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First NetBSD Bugathon a Success 32

Daniel de Kok writes "Last weekend the first NetBSD Bugathon weekend was organized by Elad Efrat to handle as many open PRs (problem reports) as possible in a weekend, checking and fixing the bugs that were reported. Although the first Bugathon was not announced widely, it was a success: about 30 developers and 20 users closed around 270 PRs, bringing the number of open PRs down from 4200 to less than 4000. The next Bugathon will take place on 7-8 October, and NetBSD users and developers are invited to help fixing bugs and handling PRs."
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First NetBSD Bugathon a Success

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  • Impressive (Score:3, Interesting)

    by MetalliQaZ ( 539913 ) on Monday September 25, 2006 @02:11PM (#16188153)
    Thats not bad for 30 devs and 8 hours. Not bad at all.
  • by Anonymous Coward on Monday September 25, 2006 @02:23PM (#16188359)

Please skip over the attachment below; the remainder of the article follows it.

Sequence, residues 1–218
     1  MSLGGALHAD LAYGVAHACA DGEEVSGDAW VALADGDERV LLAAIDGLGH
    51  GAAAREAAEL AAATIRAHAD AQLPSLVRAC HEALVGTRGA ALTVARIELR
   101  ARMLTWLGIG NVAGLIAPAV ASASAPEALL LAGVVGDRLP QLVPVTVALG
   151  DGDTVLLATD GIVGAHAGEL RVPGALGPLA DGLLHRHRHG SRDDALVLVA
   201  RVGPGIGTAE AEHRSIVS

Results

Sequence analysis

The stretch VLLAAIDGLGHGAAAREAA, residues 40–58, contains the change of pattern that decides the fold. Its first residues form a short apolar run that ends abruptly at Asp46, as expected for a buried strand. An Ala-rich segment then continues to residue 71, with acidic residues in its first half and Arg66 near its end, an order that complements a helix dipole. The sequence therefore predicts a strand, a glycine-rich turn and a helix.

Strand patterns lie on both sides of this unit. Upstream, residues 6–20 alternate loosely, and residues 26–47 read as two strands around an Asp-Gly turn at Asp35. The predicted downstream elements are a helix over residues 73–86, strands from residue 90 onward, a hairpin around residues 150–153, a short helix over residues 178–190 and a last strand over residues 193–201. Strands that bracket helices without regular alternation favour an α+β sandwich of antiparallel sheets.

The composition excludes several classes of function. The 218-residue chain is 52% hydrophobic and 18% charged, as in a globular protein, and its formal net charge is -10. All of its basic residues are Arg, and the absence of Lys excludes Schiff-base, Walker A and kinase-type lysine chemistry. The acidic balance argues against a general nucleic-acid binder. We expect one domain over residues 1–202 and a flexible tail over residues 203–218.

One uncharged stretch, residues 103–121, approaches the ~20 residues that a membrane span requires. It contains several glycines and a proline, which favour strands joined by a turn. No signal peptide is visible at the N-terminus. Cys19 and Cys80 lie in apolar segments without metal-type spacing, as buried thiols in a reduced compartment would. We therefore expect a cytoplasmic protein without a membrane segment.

I'm getting tired of the same people who say "fewer bugs" but only really mean "fewer bugs...but only on the x386 or PPC architectures"
    The last few versions of NETBSD has been seriously broken on the VAX architecture
    (and before you say, "well, YOU Have the something about it!"... I have been trying, but some of the bugs are beyond my abilities)

    I would feel much better if NETBSD was just truthful and say "ok, we USED to run on a bunch of different architectures, but we don't anymore"
    We keep getting the high-and-mighty "NETBSD runs on 40 different platforms"...NO IT DOES NOT.

    It's like saying I speak English, French, Spanish, Russian, and German... my mother tounge is English...I took French in high school. I know a smattering of Spanish from watching TV. I took one year of Russian & German in University.